Technical – Feeding for the best performance from your rams!

July 15, 2019

Ram Nutrition – Feeding for Best Performance

Rams are some of the most important animals on any sheep farm whether it be a pedigree, commercial, hill or lowland flock. They are crucial for ensuring next years flock of lambs are successful and often help build the reputation of the farm itself to the market place through show and sale of the best animals bred. We are now well into the show season and with ram sales fast approaching it is time to start considering the finishing rations to best prepare them for their big day. It is important to make sure rams are looked after ensuring nutrition provided promotes fertility and longevity while ensuring rams are in top condition for show and sale and are ready to perform when returning to their new home.

According to Lorna Shaw, Sales Nutritionist at Davidsons Animal Feeds a good feeding programme should start within the first weeks of life by providing a high quality creep feed alongside milk and plentiful forage predominately fresh grass. This is essential in order to promote rumen development and early growth of rams stimulating feed efficiency. An early creep feed should ideally provide a good source of energy to the growing lamb and contain high quality protein sources such as soya or distillers grains. “Soya is a good source of bypass protein which is readily available promoting early growth of frame and stimulating rumen development.” says Miss Shaw. Promoting early growth of frame will also ensure rams can work as lambs and continue to be sold as a shearling without growth being stunted.

It is crucial when choosing a feed source for rams to also consider the mineral content of the feed with zinc, selenium and vitamin E all shown to be important for fertility. Furthermore, intact males are also particularly susceptible to urinary calculi or “gravel” as it is commonly known which can impact growth, performance and ultimately lead to death. Added ammonium chloride in the diet is essential in order to prevent urinary calculi which can impact growth and performance. It is recommended that rations fed to rams have an inclusion of 5000mg/kg units of Ammonium Chloride along with a clean plentiful water source being provided. A salt inclusion in the diet can also help to promote water intake to mitigate the risk of urinary calculi.

It is important when choosing a feed to also consider whether a blend or a compound nut is the best choice for your system. A blend is favoured by many as all ingredients are visible making a blend very aesthetically pleasing to feed and often contains high quality feeds such as flaked maize, peas, beans and lupins but the nature of a blend can promote sorting of the diet with dominant animals picking the most palatable part of the ration first and leaving the least palatable part for those following on. A compound nut although not as pleasing to the eye can still be of the same nutritional quality as a blended feed and will reduce any issues with sorting as every nut is the same allowing every animal to have access to feed of the same nutritional quality. Feeding nuts can also promote feed intake while promoting daily live weight gain.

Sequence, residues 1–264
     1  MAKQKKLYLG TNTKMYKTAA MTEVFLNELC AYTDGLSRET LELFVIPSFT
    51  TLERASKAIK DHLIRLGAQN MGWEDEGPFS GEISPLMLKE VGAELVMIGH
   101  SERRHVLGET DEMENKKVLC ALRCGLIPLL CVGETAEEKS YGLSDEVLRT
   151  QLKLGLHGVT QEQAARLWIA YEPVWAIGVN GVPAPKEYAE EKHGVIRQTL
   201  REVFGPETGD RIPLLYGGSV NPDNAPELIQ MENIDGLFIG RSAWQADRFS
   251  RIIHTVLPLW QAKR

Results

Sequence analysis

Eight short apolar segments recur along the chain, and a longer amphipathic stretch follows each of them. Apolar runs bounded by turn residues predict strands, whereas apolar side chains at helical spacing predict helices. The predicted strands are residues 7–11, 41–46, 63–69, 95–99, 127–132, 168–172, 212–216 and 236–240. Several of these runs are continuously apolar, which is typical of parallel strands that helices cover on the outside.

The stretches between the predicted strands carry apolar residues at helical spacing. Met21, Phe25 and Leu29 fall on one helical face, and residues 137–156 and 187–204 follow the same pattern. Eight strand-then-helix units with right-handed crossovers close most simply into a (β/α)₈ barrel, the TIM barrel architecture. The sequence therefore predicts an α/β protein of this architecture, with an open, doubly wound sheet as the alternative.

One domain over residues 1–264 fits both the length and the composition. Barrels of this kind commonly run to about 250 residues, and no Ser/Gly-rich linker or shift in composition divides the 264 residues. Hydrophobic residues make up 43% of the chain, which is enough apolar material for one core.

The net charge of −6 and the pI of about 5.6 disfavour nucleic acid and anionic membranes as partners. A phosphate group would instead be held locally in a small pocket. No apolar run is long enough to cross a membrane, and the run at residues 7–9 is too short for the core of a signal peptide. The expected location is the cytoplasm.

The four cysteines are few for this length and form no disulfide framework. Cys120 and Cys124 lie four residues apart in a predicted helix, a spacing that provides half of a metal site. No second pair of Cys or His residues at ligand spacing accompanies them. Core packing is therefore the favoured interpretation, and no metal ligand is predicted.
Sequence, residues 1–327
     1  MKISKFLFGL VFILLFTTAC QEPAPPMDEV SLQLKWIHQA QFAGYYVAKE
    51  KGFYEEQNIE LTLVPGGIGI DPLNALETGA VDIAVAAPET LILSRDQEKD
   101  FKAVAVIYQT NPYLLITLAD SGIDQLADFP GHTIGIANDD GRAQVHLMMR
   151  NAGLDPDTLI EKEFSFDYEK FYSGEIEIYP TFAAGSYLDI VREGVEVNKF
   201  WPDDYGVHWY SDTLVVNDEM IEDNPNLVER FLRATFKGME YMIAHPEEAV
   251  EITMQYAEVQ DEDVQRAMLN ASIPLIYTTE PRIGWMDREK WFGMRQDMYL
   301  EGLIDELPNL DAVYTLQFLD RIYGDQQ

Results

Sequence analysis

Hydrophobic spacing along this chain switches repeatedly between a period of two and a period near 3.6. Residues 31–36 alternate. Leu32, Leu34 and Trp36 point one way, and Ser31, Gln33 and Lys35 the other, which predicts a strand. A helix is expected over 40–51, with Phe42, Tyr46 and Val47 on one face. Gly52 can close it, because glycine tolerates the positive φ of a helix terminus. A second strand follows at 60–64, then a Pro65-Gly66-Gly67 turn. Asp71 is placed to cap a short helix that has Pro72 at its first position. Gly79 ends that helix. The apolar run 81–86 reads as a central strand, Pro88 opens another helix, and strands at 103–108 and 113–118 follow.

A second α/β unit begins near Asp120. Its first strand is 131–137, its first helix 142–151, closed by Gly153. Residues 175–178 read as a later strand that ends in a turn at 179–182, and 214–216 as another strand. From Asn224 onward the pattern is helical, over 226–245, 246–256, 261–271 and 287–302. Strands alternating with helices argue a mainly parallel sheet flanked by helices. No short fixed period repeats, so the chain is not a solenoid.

The last eight to ten weeks before show or sale is about the right time to start reducing the protein level of the diet and promote starch intake in order to bulk rams and promote condition and bloom ready for show or sale. Ideally a starch based finishing feed should include a mix of the three main starches – maize, barley and wheat. Including a mix of the three main starches is kinder on the rumen and promotes production of volatile fatty acids, maximising rumen efficiency. This is important during this stage in order to ensure rams aren’t gaining too much fat meaning rams are in prime condition to continue to breed post show and sale. Providing maize as the main source of starch provides a good source of bypass starch which is also kinder on the rumen than traditional barley or wheat based diets. Rams should ideally be finished for sale to a condition score of between 3-4 for best performance. Anything above 4 indicates a high fat deposition which can also inhibit fertility as fat can be deposited around the testes which can increase the temperature of the scrotum inhibiting motility.

A good source of fibre from forage such as fresh grass or hay should also be provided alongside concentrate to rams in order to slow down rumen passage and prevent any rumen acidosis while feeding a high starch based diet. Splitting the daily feed intake across 2/3 feeds can also be useful in order to help promote intakes while preventing any potential issues with acidosis.

When considering how much to feed it is important to consider both forage and concentrate intake to maximise dry matter intake. For example, a 120kg ram would require around 3kg DM/day. Ideally this intake should be split 50:50 between forage and concentrate. On a hay based diet a good finishing ration should aim for around 2-3kg Hay with between 1-2kg concentrate per day. In order to not over feed rams it is important to consider breed, genetics, average weight and end goal when determining a feeding programme for best results.

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